Don’t get me wrong, paint is wonderful. But if you make furniture and you get a chance to put in some inlay, don’t hesitate. Take the plunge, learn to cut inlay and ground. It’s more fun that laying down ribbons of masking tape, I can tell you that.

SAB Detail Inlay

 

Inlay Secrets lecture Wednesday, March 2, 6-8pm. Join us. No paint.

 

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Drawers

It appears to be so simple. A drawer. Everyone knows them, uses them daily, forgets what’s hidden inside them on a regular basis. Drawers, you know, the thing with the corners, and there’s space and they open or actually slide. How hard is it to make a drawer? What’s the big deal?

The deal is simply that drawer construction is box construction which is as sloppy or precise as you want to make it. But one thing, the drawer box, has to fit into another to make the agreement work.

3 Drawer Case class this week at the Studio.

doveclose-1

 

 

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The Power of Repetition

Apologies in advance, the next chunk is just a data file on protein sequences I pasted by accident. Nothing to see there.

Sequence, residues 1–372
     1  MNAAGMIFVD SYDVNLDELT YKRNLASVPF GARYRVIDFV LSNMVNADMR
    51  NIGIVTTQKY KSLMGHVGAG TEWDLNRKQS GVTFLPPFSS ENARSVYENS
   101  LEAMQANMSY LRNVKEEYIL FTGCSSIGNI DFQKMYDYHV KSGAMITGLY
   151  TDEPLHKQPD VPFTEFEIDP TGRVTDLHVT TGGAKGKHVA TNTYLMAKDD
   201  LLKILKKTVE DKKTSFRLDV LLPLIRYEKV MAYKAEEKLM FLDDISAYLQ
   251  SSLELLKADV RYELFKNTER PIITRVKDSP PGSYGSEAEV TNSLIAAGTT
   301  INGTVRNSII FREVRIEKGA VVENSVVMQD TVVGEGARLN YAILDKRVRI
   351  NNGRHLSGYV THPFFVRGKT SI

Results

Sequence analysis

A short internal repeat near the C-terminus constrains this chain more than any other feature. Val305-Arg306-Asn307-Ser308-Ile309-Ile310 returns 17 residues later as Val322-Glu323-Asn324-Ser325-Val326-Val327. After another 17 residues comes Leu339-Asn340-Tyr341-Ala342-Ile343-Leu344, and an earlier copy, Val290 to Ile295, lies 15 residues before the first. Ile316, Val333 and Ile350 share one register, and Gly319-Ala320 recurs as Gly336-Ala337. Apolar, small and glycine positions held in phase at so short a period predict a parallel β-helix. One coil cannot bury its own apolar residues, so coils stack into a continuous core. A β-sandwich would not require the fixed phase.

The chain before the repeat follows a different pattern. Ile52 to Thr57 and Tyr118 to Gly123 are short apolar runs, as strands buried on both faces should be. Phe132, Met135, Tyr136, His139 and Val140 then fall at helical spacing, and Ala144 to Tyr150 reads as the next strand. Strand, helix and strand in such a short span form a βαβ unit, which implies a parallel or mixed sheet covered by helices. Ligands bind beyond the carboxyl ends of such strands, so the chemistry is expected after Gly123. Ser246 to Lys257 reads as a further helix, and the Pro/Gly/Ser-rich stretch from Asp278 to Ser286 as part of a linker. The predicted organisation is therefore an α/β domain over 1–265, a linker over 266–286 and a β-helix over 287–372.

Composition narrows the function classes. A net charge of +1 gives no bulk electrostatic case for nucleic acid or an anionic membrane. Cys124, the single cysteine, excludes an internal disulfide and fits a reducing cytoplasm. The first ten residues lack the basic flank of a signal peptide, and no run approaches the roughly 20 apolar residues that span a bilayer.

How do we learn? How do  things stick in our head so that we can repeat them with accuracy? It is a well known and often ignored truth. Repetition. Trying, practicing, and trying again.

Your brain is no doubt larger than mine, but to get something in my head like French or into my hands like carving, I have to practice. Not much, not all day, not until I’m bored and tired of it. But I do need to practice with regularity and purpose. For an hour or more each day or a bit more if I can find the right groove. Sometimes less. I need to have the tools in my hand so that it feels right. The grip in my hands so it becomes familiar. The accent gets put in the right place so that it makes sense. The vocabulary  groomed once more. And again. L to Legacy shots 017